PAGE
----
At first I thought this might be a hipster revolt, like with vinyl records, but that doesn’t seem to be the case. So I’ve no idea. I don’t understand bank robbery. I remember getting into an interesting discussion about bank robbery at a lunch a while back. We were talking about risk and risk analysis. I was trying to make some points about why proper risk analysis like this is a more cost-effective way to proceed than (for example) panicking about newspaper stories on hacking, and that led to a train of thought around cost-benefit analysis for the robber, not the bank. Are robbers put off by thick doors and barred windows and such like? Are robbers deterred by visible, physical symbols of security? Come to that, should be bother with physical security at all in banks?

This is a fair point. So it set me thinking: if you are an amoral sociopath desperate to amass as much money as possible, are you better off robbing a bank or working for it? As a responsible father, I want to help my sons chart the best course for life. Right now, they are at University studying socially useful subjects in science and engineering. Having myself studied science only to become trapped in mortgage serfdom and forced to work until I drop, I am trying to persuade them to become Somali pirates or Wolves of Wall Street, without much success so far. So I understand that side of the equation, but am less certain of the other. Remember that old paper “The Decision-Making Practices of Armed Robbers” by Morrison and O’Donnell. It’s a study of armed robbery in London and one of my favourite papers. It is based on first-hand research (viz, the analysis of over 1,000 police reports and interviews with 88 incarcerated armed robbers).

While it’s about the UK rather than the US, I’m sure the thought processes of the perpetrators must have some similarities. Crucially, the paper notes that “almost all of these robbers evaluated the offence as having been financially worthwhile (aside from the fact that they were eventually caught and punished for their crime)”. So robbing a bank seems like good idea, if you exclude the possibility (in fact, the likelihood) of being caught. I suppose this is standard Jordan Belfort, Bernie Madoff thinking thought isn’t it? Unless people believe they will be caught (and these people don’t) then they only consider the upside.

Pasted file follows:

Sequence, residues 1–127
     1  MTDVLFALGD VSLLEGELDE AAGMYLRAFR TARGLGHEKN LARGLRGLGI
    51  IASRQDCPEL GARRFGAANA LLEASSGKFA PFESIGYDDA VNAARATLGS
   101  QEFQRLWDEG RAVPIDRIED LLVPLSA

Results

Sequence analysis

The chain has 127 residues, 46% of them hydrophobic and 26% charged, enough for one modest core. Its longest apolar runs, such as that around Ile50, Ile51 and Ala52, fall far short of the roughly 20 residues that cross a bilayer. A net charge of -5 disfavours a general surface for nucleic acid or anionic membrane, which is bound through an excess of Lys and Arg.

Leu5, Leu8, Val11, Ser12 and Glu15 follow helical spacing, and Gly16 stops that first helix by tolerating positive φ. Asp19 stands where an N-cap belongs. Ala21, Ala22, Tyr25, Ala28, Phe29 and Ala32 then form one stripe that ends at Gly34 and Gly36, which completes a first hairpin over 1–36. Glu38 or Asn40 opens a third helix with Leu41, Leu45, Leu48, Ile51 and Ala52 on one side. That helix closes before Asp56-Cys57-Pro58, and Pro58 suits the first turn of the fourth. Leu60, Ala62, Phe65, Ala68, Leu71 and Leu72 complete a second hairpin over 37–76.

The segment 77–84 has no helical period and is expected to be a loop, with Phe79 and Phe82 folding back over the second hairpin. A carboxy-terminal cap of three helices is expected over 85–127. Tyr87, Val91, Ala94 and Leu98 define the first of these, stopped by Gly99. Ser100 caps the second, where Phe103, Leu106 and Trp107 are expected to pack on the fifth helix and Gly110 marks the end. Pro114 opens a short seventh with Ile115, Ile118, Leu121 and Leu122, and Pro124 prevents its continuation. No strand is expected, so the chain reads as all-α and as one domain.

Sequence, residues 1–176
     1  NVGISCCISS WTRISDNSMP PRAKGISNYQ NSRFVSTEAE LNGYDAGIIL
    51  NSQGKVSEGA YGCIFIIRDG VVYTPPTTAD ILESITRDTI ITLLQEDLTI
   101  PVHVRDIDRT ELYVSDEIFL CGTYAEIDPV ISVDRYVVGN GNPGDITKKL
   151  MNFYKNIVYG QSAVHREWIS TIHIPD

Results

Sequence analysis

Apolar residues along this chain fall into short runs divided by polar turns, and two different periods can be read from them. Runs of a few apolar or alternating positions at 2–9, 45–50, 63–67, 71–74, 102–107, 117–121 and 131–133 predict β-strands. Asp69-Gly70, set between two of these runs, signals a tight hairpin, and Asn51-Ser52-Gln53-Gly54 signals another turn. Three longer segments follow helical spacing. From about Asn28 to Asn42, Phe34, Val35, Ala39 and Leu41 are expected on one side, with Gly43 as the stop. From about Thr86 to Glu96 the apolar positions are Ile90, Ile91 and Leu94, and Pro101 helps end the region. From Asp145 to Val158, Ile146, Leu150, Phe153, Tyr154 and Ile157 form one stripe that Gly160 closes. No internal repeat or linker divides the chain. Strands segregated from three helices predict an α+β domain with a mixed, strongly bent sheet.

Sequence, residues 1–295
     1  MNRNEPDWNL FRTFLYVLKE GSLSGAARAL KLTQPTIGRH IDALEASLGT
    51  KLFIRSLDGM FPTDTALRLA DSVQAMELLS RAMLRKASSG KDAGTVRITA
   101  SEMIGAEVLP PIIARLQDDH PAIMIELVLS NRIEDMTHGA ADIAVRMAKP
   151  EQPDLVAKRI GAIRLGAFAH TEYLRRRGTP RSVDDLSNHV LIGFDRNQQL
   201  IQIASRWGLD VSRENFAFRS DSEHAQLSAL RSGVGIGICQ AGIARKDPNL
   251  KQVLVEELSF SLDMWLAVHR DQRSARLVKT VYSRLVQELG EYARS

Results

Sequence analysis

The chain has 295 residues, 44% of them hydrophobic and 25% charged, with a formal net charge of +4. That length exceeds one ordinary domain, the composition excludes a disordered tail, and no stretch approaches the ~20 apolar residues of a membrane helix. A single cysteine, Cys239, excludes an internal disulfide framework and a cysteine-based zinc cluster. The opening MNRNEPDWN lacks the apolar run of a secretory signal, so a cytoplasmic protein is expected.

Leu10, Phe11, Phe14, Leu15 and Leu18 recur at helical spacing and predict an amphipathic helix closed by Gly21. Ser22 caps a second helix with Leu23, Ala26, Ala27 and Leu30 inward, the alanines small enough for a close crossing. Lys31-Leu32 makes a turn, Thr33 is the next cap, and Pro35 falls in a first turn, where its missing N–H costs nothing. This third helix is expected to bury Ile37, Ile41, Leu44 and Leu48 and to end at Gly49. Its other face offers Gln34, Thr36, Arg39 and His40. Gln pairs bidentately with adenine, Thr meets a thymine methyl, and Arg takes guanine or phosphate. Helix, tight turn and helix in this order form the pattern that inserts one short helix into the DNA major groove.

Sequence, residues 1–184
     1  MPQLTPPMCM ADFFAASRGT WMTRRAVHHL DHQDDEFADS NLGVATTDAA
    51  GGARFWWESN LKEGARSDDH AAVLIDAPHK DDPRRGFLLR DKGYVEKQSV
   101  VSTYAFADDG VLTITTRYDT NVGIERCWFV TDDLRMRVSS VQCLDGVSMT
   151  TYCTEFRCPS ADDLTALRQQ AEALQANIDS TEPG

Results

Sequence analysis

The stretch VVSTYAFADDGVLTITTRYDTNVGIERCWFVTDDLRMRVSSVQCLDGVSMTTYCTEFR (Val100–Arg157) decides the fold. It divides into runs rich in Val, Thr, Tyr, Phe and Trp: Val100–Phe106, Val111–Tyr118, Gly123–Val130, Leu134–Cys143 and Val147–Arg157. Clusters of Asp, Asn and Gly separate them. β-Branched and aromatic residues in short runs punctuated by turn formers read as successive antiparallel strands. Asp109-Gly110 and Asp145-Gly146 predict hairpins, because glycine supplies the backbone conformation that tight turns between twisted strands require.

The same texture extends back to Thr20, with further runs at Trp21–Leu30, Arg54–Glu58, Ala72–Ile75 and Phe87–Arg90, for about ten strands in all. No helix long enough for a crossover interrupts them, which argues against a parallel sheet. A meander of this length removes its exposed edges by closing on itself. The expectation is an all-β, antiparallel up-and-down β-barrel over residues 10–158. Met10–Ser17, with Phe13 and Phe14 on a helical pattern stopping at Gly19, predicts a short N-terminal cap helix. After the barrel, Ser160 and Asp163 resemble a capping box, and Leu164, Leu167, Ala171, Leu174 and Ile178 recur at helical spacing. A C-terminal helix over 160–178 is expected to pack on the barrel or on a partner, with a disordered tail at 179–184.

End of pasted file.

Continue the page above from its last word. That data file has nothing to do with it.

(One of the interesting snippets it contains is that a great many of the armed robbers in the UK use imitation firearms even though they could have access to real ones. I imagine that in the US the use of imitations is vastly less prevalent, since it’s presumably harder to buy an imitation gun than a real one there.)

So, what to do? While glancing back over the paper I note that the authors say that it doesn’t seem practical to “expect financial institutions and commercial properties to reduce counter cash much more than they already have”. That may have been true when the paper was written a few years ago, but it clearly isn’t true now, since both bank branches and businesses in many countries are becoming cash free. And this is a good thing, because as we all know there is a direct and measurable relationship between the amount of cash out there (more on this later) and the amount of crime. As the paper says, “even when the amount of money obtained was quite small (an element often touted in support of the irrationality of economic criminals), it must be recognised that even apparently small sums may be adequate for the offender’s immediate needs. Hence, gains may be subjectively much larger than they appear”.

Bank robber or management consultant?

 

It’s a stick up

The rewards of armed robbery seem to me, then, as an educated middle-class professional, to be rather low. Yet they are still sufficient to attract the robbers, because their needs are immediate and limited. I want a holiday home in the South of France but the guy in the Nixon mask isn’t robbing a bank to pay his way through college or to obtain seed finance for a start up, he just needs to buy a car or some drugs or whatever. This paper seems, then, to indicate that so long as there is some cash in the till, there will be robberies. This is not an observation confined to banking. A study of the American Electronic Benefit Transfer (EBT) program found that “the EBT program had a negative and significant effect on the overall crime rate as well as burglary, assault, and larceny”.